3- (4-iodophenyl) propanol, 4-bromobenzylamine, 2-(4-bromo-2-n-butylphenyl) ethylamine, dimethyl 3-chlorobenzyl) amine, (4-bromophenoxy) acetic acid,

(4-io do-3 ,5 diethylphenoxy acetic acid,

3- 3-chlorophenoxy propanoic acid, (4-bromophenyl )mercaptoacetic acid, 4-chlorophenylmercaptomethylamine,

phenyl- 3 bromophenylmerc aptoethyl) amine, (4-iodophenyl) acetalde-hyde,

(3 ,5 -dichloro-4-n-amylphenoxy) acetaldehyde, N,N-diisopropyl- (4-chlorophenyl) acetamide, phenyl(3-iodo-4-ethylphenyl propionate,

and the like.

Initiators of the above type can be prepared by reacting the halogenated aromatic compound with lithium alkyl in hydrocarbon diluent so that a precipitate is formed. This solid product is separated by centrifugation or filtration and may be washed to remove unreacted materials and then redispersed in a hydrocarbon. The polymerization is carried out in a normal manner in a predominantly hydrocarbon diluent and the recovery procedure is the conventional method involving the use of alcohol or acid to remove the lithium from the polymer. Functionality can be introduced, however, through the replacement of lithium with functional groups. In this respect the polymers resemble those made with the lithium alkyls used in the initiator preparation. The evidence indicates that the polymerization is initiated by the lithium alkyls which are complexed with the functional aromatic compound in such a manner that solubility of the lithium alkyl in its complex form is greatly reduced, thereby permitting more accurate control of inherent viscosity of the final product.

initiators useful in the polymerization processes of this invention 3-ch1oro-1-naphthylamine,

N -dodecyl-4-bromoaniline,

N,N-di-n-propyl-4-iodoaniline,

3-chloro-4,6,7-tri-tert-butyl-l-naphthylamine,

N -cyclohexyl-4( 3-bromophenyl) aniline,

8-bromo-l-naphthalenesulfonic acid,

4-chlorobenzenesulfonyl chloride,

4-bromobenzenesulfonyl chloride,

2.,3,4-tri-n-butyl--chlorothiolbenzoic acid,

3-chloro-S-n-hexylbenzarnide,

N-methyl-4-iodobenzamide.

(3-chloro-4-phenyl)benzenesulfonyl bromide,

N-phenyl-4-chloroaniline,

12-(4chloro-3,-6,7-tri-n-butyl-1-naphthyl) dodecanesulfonic acid,

4- (3-chlorophenyl) cyclohexanesulfonyl chloride,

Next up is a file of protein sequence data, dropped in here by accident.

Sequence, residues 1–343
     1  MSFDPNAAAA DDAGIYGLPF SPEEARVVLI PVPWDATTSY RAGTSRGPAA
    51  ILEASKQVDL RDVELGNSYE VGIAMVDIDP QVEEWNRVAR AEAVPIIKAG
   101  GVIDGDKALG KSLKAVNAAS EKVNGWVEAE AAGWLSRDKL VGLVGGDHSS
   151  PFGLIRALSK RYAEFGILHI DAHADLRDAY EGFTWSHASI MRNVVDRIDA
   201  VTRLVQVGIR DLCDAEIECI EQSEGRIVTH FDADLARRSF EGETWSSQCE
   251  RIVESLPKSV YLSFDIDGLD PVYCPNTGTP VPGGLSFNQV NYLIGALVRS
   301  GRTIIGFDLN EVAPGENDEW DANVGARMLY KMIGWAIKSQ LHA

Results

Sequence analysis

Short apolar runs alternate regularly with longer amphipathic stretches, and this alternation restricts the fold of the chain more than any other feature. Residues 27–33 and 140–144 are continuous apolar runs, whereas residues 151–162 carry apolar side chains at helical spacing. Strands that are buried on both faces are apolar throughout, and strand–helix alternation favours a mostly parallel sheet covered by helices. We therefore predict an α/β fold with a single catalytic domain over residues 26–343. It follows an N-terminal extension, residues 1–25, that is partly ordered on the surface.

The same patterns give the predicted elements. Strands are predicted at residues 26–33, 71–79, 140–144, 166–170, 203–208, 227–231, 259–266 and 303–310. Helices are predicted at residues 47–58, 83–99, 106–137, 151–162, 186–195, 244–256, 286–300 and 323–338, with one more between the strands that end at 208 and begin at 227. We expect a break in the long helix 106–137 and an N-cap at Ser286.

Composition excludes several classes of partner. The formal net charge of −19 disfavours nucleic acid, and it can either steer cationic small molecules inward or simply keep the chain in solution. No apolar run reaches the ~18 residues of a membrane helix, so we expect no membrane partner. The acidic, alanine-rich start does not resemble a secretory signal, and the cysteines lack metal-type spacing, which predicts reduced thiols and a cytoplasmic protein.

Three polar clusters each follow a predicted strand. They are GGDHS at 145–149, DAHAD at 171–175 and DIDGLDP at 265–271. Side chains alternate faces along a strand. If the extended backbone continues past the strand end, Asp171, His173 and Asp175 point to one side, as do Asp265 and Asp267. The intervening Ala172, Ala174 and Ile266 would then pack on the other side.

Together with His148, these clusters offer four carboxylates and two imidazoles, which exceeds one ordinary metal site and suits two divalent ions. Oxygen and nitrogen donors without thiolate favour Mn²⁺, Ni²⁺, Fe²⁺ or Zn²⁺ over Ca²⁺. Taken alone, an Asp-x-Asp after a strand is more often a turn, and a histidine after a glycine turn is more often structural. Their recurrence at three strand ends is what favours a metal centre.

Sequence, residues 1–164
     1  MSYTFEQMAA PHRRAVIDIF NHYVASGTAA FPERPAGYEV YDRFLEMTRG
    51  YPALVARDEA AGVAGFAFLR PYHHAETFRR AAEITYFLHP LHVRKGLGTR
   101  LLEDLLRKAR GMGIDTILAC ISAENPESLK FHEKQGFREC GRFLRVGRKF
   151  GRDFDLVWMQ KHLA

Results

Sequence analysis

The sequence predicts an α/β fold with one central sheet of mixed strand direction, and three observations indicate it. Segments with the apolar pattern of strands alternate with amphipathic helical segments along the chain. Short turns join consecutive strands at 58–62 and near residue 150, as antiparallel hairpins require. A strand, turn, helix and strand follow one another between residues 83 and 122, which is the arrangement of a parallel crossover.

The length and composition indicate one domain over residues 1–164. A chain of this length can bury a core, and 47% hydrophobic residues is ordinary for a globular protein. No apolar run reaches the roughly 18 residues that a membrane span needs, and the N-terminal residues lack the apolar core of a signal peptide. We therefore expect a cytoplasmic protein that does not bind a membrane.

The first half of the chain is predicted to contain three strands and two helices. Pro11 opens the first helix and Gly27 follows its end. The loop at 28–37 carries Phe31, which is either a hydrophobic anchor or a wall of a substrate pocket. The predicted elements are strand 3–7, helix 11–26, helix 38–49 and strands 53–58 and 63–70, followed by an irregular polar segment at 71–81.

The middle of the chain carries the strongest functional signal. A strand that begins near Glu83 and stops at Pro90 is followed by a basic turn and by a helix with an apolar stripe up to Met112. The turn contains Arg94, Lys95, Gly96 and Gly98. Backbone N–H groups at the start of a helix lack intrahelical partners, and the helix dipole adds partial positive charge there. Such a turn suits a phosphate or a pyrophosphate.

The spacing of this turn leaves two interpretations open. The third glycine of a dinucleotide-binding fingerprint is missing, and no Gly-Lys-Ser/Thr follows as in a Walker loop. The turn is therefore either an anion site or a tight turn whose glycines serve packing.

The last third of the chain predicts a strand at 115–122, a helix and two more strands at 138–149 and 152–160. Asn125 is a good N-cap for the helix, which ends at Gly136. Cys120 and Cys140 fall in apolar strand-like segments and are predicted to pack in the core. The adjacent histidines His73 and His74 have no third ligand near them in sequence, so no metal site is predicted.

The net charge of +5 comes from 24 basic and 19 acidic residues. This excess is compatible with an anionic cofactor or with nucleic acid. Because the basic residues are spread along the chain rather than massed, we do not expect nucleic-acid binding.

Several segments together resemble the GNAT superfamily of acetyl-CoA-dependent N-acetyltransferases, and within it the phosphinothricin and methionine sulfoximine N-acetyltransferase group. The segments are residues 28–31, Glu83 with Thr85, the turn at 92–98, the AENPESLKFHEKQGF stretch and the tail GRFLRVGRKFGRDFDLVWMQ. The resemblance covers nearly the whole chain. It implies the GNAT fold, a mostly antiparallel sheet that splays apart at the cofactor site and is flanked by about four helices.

2- 3,5 -dibromophenyl) ethanesulfonyl iodide,

1-(3,4-diethyl-5-iodophenyl)-4-hexadecanone,

1-cycl0hexyl-3 (3-chloro-4-phenyl)phenyl] 1- propanone,

l-phenyl-S (4-chlorophenyl) -1-pentanone,

7-(4-chloro-1-naphthyl)2-heptanone,

ethyl 3-(2,5-dichlorophenyl) propionate,

cyclopentyl 12-(4-bromo-2-n-hexyl dodecanoate,

5-'(2-bromo-4-chlorophenyl)valeramide,

N-phenyl-4-bromo-phenylacetamide,

N-cyclohexyl-3 (4-iodophenyl) propionamide,

4- ('4-chloro-3-isopropylphenyl)thiolbutyric acid,

N-cyclohexyl-N- 3-chloro-4-phenyl) phenyl-4-N' ethylaminobutylamine,

3-(2-chloro-4,5-diethylphenoxy) l-propanesulfonyl bromide,

1-cyclohexyl-3 (3-iodo-S-methylphenylmercapto)-lpropanone,

phenyl-4-(6-iodo-1-naphthoxy)butyrate,

6- (3-chloro-4-phenyl phenyhnercapto1caproamide,

N-cyclohexyl-8(4-ch1orophenoxy) caprylamide,

12-(4-chloro-2-naphthoxy) dodecyl mercaptan,

N-4-hydroxycyclohexyl-3,S-dichloroaniline,

N-4-chlorophenyl-N (Z-aminoethyl) l-dodecylamine,

N-methyl-N- (4-chloro-5 ,6,7-trimethyl-2-naphthyl 6- N,N'-dimethyl-aminohexylamine,

12- 4-chloro-1-naphthylmercapto) 1-dodecanesulfonic acid,

ethyl 4- (3 -chloro-4,5 ,6-trimethylphenoxy butyrate,

1-phenyl-6-(7-bromo-4,5-di-n-propyl-l-naphthoxy) 1- hexanone,

methyl 5 (Z-chlorophenoxy)valerate,

cyclopentyl 3-(3-bromophenoxy)propionate,

N,N-diphenyl-4- 3-chloro-5-methylphenoxy) butyramide,

and 3-(3-iodophenylmercapto.) thiolpropionic acid.

The vinylidene-containing monomers which can be polymerized by the initiators described herein are preferably the conjugated dienes containing 4 to 12 carbon atoms per molecule and those containing 4 to 8 carbon atoms are more highly preferred. Examples of such conjugated dienes include 1,3-butadiene, isoprene, 2,3-dimethyl-1,3-butadiene, piperylene, 3-butyl-1,3-octadiene, 2- phenyl-l,3-but adiene and the like. Conjugated dienes containing halogen and alkoxy substituents such as chloroprene and 2methoxy-l,3-butadiene can also be used. The conjugated dienes can be formed into homopolymers or copolymers including block copolymers prepared by charging the monomers sequentially.

Also included among the vinylidene-containing monomers are the vinyl-substituted aromatic compounds such as styrene, l-vinylnapthalene, Z-VinyI-naphthalene and the alkyl, cycloalkyl, aryl, alkaryl, aralkyl, alkoxy, aryloxy, and dialkylamino derivatives thereof [in which the total number of the. carbon atoms in the combined substituents does not exceed 12..-Examples include 3-methylstyren'e, 4-dodecyl'styrene, 4-cyclohexylstyrene, Z-e-thyl- 4 benzylstyrene, 4' methoxystyrene, 4 dimethylaminostyrene, 3,5-diphen0Xystyrene, 4-p-tolyl'styrene, 4-phenylstyrene, 4,5-dimethyl-l-vinylnaphthalene, 3-n-propyl-2- vinylnaphthalene, and the like. These vinyl-substituted aromatic compounds can be used to form homopolymers or copolymers including block copolymers with each other or with conjugated dienes.